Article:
View From The Plane

10. Be open to ride-sharing

Sharing a long distance ride with a complete stranger has become quite a common thing within Europe now. There are several companies that offer this, with the most famous one being BlaBlaCar. This is a great way to save money on travel within Europe if you’re comfortable with the idea.

11. Take the Eurail/Interrail

(Eurail for non-Europeans and Interrail for Europeans)

Sometimes it helps to compare the rates between flights within Europe and the Eurail. Most of the time taking the train is cheaper and saves you the trouble of checking your luggage at the airport.

12. Stay somewhere near the city center

I’ll probably get a bit of backlash for this tip, but in my experience staying central has paid off. It is true that you can save a few euros staying on the outskirts of the city, but the long commuting time and costs just aren’t worth it. You’ll want to cherish every moment and take your time walking along the cobbled-stone streets downtown, or leisurely exploring in search of hidden gems and those types of pleasant surprises that only travel can offer. In addition to that, everything is within reach around the central area; think about that short minute walk you’d only need to take to grab that late night snack, or not having to worry about when the last bus or train leaves the city so you can get back to your apartment. If you think staying at the city center is expensive, think again! Sure, it may take a bit of effort and planning beforehand, but booking a decent, central place to stay at a reasonable rate is always possible and shouldn’t be ruled out by default.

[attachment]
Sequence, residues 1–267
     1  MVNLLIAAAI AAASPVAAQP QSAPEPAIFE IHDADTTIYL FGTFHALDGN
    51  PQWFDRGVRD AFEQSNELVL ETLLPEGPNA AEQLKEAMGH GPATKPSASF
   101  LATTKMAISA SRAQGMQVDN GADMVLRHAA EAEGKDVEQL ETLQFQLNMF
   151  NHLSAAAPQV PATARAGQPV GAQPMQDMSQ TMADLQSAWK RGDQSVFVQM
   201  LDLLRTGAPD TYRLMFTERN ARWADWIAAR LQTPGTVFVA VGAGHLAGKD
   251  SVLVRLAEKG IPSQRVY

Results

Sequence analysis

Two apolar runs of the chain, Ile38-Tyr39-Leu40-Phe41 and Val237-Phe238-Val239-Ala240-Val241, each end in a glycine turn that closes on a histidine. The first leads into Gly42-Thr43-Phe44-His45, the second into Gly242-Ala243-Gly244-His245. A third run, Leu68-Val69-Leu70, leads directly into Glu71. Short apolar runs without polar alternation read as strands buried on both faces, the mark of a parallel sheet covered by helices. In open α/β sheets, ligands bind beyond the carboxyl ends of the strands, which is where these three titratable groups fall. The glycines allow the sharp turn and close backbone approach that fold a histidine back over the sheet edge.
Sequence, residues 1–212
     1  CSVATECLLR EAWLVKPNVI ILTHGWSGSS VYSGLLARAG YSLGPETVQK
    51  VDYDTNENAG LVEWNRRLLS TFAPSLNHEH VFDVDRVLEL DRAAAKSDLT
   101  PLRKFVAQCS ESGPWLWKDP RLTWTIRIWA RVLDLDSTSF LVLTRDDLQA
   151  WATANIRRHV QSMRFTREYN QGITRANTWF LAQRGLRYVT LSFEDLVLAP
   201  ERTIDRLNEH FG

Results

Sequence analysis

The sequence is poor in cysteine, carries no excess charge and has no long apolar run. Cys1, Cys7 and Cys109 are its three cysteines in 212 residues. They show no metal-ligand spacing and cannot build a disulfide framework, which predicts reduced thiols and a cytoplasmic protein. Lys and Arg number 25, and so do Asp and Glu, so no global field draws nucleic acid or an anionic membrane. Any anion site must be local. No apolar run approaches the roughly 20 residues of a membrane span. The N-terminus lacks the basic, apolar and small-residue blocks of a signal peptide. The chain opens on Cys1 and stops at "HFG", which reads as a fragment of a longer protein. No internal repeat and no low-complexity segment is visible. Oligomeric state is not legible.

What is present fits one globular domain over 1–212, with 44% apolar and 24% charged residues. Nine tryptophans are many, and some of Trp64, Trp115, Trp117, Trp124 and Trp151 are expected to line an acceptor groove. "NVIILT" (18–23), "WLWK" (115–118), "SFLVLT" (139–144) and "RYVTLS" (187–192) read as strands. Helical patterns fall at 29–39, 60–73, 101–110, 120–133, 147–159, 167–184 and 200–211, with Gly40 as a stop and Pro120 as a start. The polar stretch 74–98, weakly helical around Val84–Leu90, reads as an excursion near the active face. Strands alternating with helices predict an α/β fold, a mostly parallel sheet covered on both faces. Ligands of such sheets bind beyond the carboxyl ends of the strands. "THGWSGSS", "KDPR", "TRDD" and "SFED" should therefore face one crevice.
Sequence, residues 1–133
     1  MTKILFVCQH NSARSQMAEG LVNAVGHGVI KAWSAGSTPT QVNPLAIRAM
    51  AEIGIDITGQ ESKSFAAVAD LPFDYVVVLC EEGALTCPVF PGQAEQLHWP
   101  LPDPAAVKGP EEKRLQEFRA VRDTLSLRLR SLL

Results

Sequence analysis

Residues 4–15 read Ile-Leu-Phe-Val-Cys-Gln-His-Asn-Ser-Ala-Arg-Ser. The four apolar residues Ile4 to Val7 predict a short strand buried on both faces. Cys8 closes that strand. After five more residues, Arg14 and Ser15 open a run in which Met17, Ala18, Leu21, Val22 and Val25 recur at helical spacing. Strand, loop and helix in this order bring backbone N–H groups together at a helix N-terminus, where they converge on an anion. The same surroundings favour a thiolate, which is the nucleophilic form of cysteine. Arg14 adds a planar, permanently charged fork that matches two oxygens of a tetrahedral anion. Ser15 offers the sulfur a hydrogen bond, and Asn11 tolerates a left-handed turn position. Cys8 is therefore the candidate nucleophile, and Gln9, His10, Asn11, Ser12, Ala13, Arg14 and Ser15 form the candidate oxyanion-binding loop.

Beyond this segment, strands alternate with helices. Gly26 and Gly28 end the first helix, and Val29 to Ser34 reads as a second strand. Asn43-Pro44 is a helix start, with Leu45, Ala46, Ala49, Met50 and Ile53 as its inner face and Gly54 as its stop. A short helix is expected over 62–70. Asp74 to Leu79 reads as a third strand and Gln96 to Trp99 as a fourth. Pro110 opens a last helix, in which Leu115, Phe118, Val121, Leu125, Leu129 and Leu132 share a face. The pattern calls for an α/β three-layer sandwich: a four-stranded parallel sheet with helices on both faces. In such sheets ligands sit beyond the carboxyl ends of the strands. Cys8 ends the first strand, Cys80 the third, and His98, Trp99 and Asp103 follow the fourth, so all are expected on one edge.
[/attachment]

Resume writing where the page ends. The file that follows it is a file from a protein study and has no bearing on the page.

The Eiffel Tower, France
Is this central enough?

13. Choosing cheaper destinations

Some of the cheapest countries in Europe include Bulgaria, Romania, Greece (except Santorini), Portugal, Turkey, Hungary, Croatia, Latvia, Serbia, and Poland.

Suggested next reading: 10 Of The Best Things You Can Do In Berlin On A Budget